So as not to limit press freedom and so as to uphold the protecting of sources, the joint mission warns both media stakeholders and the authorities against the introduction of a special definition on who is a journalist by narrowing the present understanding.

8. Working group on safety
The international mission views the formation of the working group on journalist safety as an important signal of Serbia’s intention to seriously tackle the problem of safety. In this light, we urge the group’s members – representatives of the media, police and the public prosecutor’s office – to enter into a dialogue intended to revitalise this important effort, if needed with support of an independent moderator. Mutual understanding is critical to achieving concrete progress.

9. Press council
We encourage all media outlets and journalists to join Serbia’s Journalism Ethics Code and to respect the self-regulatory body, the Press Council including the Council’s Complaints Commission, and to publish the Council’s decisions in accordance with its regulations. We view the Press Council as a critical instrument to raising ethical and professional standards of journalism in Serbia. National and international institutions should offer their full support to this body.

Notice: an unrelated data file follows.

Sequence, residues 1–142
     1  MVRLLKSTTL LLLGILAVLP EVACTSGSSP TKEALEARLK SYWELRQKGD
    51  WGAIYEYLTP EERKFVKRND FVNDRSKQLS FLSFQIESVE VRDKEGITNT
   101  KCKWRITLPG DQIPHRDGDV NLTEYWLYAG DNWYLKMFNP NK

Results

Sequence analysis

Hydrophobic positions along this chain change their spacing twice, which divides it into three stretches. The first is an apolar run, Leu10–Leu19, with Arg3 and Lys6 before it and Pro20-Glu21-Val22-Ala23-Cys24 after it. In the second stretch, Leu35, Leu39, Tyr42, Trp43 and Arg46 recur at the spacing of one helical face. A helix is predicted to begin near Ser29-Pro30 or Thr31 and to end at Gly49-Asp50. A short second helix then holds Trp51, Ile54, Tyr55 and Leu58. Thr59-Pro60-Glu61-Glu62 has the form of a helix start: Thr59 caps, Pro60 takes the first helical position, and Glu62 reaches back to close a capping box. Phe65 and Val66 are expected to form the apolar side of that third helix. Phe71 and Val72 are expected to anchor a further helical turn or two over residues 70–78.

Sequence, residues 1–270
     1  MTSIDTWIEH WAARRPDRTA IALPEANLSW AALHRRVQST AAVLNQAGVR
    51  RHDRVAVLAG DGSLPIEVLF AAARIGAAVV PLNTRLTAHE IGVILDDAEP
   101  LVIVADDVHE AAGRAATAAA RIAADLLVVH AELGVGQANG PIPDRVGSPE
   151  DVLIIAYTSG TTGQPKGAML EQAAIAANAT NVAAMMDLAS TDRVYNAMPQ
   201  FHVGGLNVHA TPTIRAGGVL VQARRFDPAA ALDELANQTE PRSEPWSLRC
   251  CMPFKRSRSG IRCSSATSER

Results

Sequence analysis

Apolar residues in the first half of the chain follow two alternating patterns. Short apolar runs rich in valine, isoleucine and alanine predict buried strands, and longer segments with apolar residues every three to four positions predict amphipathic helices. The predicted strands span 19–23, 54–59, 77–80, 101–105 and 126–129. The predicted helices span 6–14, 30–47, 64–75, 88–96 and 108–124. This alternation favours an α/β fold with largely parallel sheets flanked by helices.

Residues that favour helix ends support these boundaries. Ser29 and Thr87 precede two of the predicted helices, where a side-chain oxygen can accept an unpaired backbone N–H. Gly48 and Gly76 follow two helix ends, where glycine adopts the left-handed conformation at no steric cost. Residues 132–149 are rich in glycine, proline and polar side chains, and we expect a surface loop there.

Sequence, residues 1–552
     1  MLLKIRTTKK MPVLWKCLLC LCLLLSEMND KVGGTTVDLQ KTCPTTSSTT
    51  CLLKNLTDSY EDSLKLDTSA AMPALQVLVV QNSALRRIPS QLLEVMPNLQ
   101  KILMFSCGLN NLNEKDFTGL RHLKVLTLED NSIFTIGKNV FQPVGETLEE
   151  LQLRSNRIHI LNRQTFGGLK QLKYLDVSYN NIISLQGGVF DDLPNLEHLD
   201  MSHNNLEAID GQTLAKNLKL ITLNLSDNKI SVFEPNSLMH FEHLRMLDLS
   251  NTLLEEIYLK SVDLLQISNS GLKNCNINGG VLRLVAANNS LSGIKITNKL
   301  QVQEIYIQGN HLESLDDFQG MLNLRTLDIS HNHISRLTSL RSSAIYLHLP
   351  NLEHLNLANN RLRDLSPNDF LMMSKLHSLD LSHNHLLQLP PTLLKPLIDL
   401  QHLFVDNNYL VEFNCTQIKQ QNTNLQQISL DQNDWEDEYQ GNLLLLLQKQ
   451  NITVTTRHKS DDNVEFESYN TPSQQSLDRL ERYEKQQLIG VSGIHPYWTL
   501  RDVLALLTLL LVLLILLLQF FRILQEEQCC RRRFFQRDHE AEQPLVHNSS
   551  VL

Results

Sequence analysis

We urge all media, media associations and journalists in Serbia to respect at all times the professional and ethical standards in their work and daily communication.

It is our view that fulfilling these recommendations, which are joint unless indicated otherwise, will contribute to a better environment for journalism in Serbia, one in which journalists can do their jobs – including investigations into the activities of those in power – without harassment, attack, threats or smear campaigns.

We also emphasise that when free and independent journalism thrives, democracy thrives.

Mogens Blicher Bjerregård

Scott Griffen

Oliver Vujovic